The Life Changing Magic of Volunteering at Church

The Life Changing Magic of Volunteering at Church June 17, 2018

Matt and I are safely in Jerusalem, lying back in a travel weary fog, trying to orient ourselves to the glorious view outside out window. Because I don’t have my head quite caught up, I’m giving you all this lovely piece by Jessica Snell. She is brilliant and lovely and all the ways to read her are at the end. Enjoy!

Last week, a strange thing happened: our family went to church…and that’s it. That’s all we did: we arrived, we worshiped, and we went home.

It was strange because, in the past five years that we’ve been members of our little church plant, we are almost always on the schedule to do something at church. My husband is setting up chairs for the after-church potluck, I’m setting the table for communion, my son is helping as an usher, my daughter is singing in the choir. Even our youngest two children help carry things that need to be carried, because part of being a church plant (for us) is renting our worship space, and so everything we use in the service has to be carted down from storage every week.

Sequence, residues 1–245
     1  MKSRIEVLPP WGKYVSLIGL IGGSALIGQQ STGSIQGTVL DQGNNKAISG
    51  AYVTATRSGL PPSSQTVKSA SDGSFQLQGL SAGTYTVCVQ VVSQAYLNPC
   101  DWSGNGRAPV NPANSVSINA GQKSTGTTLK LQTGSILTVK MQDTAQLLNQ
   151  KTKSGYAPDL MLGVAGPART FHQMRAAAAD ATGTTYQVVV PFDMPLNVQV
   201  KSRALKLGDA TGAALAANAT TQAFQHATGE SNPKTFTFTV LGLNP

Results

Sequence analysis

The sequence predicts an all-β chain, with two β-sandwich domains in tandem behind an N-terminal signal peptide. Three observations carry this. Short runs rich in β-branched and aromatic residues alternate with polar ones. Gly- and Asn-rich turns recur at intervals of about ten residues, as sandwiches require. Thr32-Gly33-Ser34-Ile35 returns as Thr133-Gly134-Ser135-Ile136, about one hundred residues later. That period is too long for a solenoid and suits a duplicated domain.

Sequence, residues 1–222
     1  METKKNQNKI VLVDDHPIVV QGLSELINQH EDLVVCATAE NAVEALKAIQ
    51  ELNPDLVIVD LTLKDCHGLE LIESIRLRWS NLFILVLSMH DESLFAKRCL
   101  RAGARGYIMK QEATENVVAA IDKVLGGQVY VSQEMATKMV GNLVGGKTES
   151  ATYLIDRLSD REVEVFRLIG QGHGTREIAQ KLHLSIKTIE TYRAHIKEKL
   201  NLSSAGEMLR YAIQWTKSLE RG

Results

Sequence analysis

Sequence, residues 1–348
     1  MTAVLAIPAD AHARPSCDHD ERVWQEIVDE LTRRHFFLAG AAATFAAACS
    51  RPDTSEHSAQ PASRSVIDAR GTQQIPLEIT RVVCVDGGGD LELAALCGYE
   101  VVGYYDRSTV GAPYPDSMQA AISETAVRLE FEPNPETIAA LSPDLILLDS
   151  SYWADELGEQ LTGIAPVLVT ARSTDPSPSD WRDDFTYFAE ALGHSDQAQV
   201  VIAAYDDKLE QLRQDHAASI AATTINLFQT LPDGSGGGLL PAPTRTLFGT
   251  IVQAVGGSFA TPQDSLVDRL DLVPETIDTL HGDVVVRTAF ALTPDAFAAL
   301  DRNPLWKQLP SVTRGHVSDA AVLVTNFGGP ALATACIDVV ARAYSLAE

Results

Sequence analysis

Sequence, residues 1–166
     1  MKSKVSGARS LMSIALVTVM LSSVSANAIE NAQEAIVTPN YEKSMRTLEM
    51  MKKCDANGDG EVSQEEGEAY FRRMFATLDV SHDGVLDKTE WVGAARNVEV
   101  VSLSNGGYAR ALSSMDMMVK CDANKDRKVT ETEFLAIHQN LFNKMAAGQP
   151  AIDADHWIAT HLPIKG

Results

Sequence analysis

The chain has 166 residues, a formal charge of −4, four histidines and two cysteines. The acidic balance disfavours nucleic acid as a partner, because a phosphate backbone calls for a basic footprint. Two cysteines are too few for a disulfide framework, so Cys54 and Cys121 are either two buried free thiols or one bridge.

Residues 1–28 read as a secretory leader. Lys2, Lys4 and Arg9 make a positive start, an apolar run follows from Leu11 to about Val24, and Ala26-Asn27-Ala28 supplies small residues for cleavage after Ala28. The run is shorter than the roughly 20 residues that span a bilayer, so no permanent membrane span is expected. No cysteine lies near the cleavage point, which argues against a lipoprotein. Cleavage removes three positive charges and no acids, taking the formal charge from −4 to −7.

It is the most active we have ever been in church. It is the hardest we’ve ever worked in church. It is the most time we’ve ever given to a church.

And it is the most at home I have ever felt in a church—and I am the daughter of two missionaries, and the granddaughter of two pastors.

Volunteering at church will change your life, but I’m not writing this as a how-to article. I am writing it as a testimony. What I have found in these last five years of service is precious, and I want to share it with other Christians who might be looking for what I was looking for: a way to really feel at home in the church, a way to really get to know their fellow believers. A way to belong.

And here at the start, I should say: this isn’t pay-for-play. You can’t really earnbelonging in a church, any more than you can earn your own salvation. It’s a gift—it’s all, always and forever, a gift. There is room in the church for those who need to be served as well as those who serve. If disability or age or situation keep you from volunteering, that’s okay. In families, we care for those who need care. Families take care of the old, the sick, the young—and those who are in convalescence for wounds of both body and soul. I have been that convalescent person in church—the person who was giving her all just by managing to get there on some of the Sundays—and I imagine I will be that person again, because age and illness and accident come for us all.